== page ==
Full Metal Jacket
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Full Metal Modine: Behind the Scenes of Full Metal Jacket

US History
US History
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Released in 1987, Stanley Kubrick’s Full Metal Jacket is a searing commentary on the damaging aspects of war, and the sometimes cruel methods used to prepare regular people for its horrors. An adaptation of Gustov Hasford’s novel The Short-Timers, the film centers on two periods of time for Private James T. “Joker” Davis; Marine Corps boot camp, a view into the transformation of civilians into Marines, and the deployment of the main character to Vietnam. 

The boot camp scenes, despite being decades before my time, remain accurate to the experience. The uniforms and rifles may be older, but the rigors and sometimes terrifyingly and unintentionally funny moments are there. From Private “Pyle” Lawrence leaving his footlocker open to the sadistic delight of GySgt Hartman which gave us “a jelly donut?!” to Private Joker’s sarcastic “Is that you John Wayne? Is this me?” the boot camp section fully entangles surreal comedy and Kafkaesque darkness in a way few directors have managed, culminating in the destruction of Lawrence’s psyche and death of GySgt Hartman.

When the film shifts to Private Joker’s deployment to Vietnam as a combat correspondent, he has been through infantry school, a military journalism school, has been published in several newspapers and magazines, and has reached the rank of Corporal. The remainder of the film follows about the structure one would expect, with Joker eventually witnessing the death of comrades and the horrors of war in Vietnam. This would generally be the part where I would describe some of the key sections… But the effect would not be the same. If you haven’t watched this film by now, do so, but watch it when you have other things to do afterward so you don’t get stuck in that rabbit hole for too long.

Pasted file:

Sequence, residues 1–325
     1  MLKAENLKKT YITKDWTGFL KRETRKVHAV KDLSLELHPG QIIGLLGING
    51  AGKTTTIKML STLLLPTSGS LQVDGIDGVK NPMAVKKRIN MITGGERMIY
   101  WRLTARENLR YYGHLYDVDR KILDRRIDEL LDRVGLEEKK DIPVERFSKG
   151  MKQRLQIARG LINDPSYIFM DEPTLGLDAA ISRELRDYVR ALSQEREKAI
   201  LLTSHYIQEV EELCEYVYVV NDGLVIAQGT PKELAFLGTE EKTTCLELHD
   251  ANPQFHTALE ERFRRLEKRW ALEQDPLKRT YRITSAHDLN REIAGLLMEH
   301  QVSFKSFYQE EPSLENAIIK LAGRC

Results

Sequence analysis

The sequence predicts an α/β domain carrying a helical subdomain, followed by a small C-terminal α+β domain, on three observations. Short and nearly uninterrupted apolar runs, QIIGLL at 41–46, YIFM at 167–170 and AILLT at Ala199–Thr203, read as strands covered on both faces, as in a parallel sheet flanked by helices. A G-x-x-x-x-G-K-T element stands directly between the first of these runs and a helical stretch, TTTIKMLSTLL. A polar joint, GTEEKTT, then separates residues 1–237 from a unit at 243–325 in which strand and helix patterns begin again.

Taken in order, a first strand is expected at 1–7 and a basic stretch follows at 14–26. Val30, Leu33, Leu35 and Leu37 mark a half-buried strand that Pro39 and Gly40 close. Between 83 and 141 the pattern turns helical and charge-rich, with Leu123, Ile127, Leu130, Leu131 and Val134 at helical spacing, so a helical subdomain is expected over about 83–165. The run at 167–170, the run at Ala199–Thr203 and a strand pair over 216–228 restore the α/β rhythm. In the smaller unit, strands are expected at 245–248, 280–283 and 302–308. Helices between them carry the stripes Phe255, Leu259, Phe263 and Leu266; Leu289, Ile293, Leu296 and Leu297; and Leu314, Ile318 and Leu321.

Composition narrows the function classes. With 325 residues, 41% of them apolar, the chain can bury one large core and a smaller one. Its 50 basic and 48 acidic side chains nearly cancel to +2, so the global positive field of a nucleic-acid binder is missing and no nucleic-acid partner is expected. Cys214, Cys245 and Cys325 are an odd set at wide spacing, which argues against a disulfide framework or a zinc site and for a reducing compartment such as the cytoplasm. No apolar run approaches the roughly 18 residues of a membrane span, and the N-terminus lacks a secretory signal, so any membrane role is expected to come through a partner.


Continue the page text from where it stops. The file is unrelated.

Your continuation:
Recently, the actor who played the part of Joker, Matthew Modine, released a series of pictures he had taken from his time on set using the “60’s era Rolleiflex camera used by his character.” Many of these photographs were produced into “large scale aluminum prints” for an exhibit at the National Museum of the Marine Corps, which will be on display until September of 2025. On a rain-soaked Tuesday I found myself walking into the museum, a place I have been dozens of times before, to get a look at these plates.

In a darkly painted area with little decoration, pomp or circumstance, the plates hang on the walls in silence, with two plaques giving a brief description of their purpose. Taking myself out of the mindset of behind-the-scenes photography, it was easy to look at several of the images and feel the nostalgia of my time on deployment. There could be many reasons these shots resonated with me, from Matthew Modine being an exceptional photographer, to the cast bonding over difficult filming conditions in a way that trauma bonding often makes people closer. Whichever reality is the correct one, there is no denying that some of the photographs will hit home for veterans, especially those who have seen the complicated nature of a combat deployment. 

If you find yourself in the Quantico, Virginia area, I would always recommend a trip to the National Museum of the Marine Corps, as it is an excellent look into the history of pride and service in America’s finest fighting force, but if you happen to get there before September 2025, take a few moments at the end to contemplate what you see, as art and life seem to blend together on those bright metal plates.

Editor's note: All photographs featured in this blog post are of the Art Exhibit Full Metal Modine, by Matthew Modine. Displayed at the National Marine Corps Museum in Triangle, Virginia. Pictures of the exhibit were taken by Alexander Pfeffer, as allowed by the museum.

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